What is Chianti? History, Production, and Taste

Everything you need to know about this tuscan wine delicacy

Chianti is a famous Italian red wine that has been produced in the Tuscany region for centuries.

It is made primarily from the Sangiovese grape variety, but can also include other red grape varieties such as Canaiolo and Colorino. The wine is known for its medium-bodied taste, high acidity, and dry finish.

The Chianti region is located between the cities of Siena and Florence in central Italy.

It is divided into seven sub-regions, each with its own unique characteristics and regulations for winemaking. Chianti Classico is the most well-known sub-region and is known for producing some of the highest quality Chianti wines.

History of Chianti

Chianti is a red wine blend that originated in the Tuscany region of Italy.

It is made primarily from the Sangiovese grape and is known for its robust flavor and high acidity. The history of Chianti is long and rich, dating back to the 14th century.


The origins of Chianti can be traced back to the Etruscans, who were the first to cultivate grapes in the region.

The Romans continued this tradition, and by the Middle Ages, winemaking had become an important industry in Tuscany.

The first mention of Chianti as a specific wine dates back to the 13th century, when it was produced in the area around the villages of Radda, Gaiole, and Castellina.


In the 14th century, Chianti winemakers developed a technique known as governo where half-dried grapes are added to the must to stimulate the yeast with a fresh source of sugar that may keep the yeast active all the through the fermentation process.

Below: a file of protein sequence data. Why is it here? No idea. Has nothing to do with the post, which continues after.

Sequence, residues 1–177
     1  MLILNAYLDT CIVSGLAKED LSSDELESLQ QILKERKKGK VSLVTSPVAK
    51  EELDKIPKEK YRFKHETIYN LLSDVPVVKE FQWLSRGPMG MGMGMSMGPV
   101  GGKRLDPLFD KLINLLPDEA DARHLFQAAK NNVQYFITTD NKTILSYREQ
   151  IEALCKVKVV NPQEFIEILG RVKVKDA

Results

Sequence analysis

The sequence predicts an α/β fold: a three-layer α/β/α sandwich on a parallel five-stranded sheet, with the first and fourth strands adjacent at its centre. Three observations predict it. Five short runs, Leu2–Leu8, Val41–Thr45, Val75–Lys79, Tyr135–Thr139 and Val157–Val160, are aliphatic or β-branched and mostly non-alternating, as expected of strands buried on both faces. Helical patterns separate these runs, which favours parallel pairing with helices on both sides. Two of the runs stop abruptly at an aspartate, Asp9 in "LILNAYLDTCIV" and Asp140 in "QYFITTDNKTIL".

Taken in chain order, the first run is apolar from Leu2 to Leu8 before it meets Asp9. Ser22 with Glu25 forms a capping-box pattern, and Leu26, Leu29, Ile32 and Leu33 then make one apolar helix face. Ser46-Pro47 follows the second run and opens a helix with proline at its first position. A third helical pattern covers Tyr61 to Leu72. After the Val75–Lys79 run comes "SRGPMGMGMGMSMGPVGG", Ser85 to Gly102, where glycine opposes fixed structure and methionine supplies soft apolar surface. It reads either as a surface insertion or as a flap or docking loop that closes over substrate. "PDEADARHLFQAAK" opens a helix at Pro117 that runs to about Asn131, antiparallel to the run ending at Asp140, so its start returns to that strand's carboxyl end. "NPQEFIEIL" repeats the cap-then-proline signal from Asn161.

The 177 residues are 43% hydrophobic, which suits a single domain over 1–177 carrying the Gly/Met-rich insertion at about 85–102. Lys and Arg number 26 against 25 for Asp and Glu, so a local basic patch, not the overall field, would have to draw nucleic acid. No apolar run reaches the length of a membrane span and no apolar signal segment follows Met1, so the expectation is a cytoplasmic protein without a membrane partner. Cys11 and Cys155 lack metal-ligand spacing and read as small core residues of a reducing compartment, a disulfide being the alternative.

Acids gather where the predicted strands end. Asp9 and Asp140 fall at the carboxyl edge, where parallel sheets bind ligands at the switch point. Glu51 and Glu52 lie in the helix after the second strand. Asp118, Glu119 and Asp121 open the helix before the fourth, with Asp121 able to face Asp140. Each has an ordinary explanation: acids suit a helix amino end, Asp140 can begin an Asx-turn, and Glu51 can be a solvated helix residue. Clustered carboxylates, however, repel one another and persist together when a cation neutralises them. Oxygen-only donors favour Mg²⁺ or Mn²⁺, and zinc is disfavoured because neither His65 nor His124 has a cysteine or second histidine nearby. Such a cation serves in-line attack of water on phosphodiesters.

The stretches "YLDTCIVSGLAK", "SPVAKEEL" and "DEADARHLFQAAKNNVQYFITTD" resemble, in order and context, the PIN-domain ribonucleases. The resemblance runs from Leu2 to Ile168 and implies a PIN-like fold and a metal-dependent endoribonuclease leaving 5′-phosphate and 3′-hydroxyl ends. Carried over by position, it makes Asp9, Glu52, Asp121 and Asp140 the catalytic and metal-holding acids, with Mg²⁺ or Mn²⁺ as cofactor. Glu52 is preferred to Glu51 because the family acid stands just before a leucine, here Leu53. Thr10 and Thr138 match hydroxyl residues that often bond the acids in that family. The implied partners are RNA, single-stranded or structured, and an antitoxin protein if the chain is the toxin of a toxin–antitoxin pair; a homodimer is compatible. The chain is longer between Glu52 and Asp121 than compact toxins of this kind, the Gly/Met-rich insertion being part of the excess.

This technique helped to improve the quality of Chianti wine and became a standard practice in the region.

By the 18th century, Chianti had become a popular wine throughout Italy and was even exported to other countries. In 1716, the Grand Duke of Tuscany, Cosimo III de’ Medici, issued an edict that defined the boundaries of the Chianti wine region.

This was the first official recognition of Chianti as a distinct wine.


In 1924, the Chianti Consortium was formed to regulate the production of Chianti wine.

The consortium established rules for the production of Chianti, including the minimum percentage of Sangiovese grapes that must be used in the blend.

In 1984, the rules were revised to allow for the use of other grape varieties, such as Cabernet Sauvignon and Merlot, in the blend.

Today, Chianti is one of the most popular wines in the world, known for its rich flavor and versatility. It is produced in a variety of styles, from light and fruity to full-bodied and complex.

Whether enjoyed on its own or paired with food, Chianti remains a favorite among wine lovers everywhere.

Geography of Chianti

Chianti is a mountainous area of Tuscany, Italy, located in the provinces of Florence, Siena, and Arezzo.

The region is composed mainly of hills and mountains, with vineyards and olive groves scattered throughout.

The Chianti region is situated between the cities of Florence and Siena, with some areas extending toward Pisa.

It covers an area of approximately 70,000 hectares and is divided into two main sub-regions: Chianti Classico and Chianti Colli Senesi.

The climate in Chianti is typically Mediterranean, with hot summers and mild winters. The region is also influenced by the Apennine Mountains, which provide a natural barrier against cold winds from the north.

The combination of warm temperatures, abundant sunshine, and well-draining soils creates ideal conditions for growing grapes.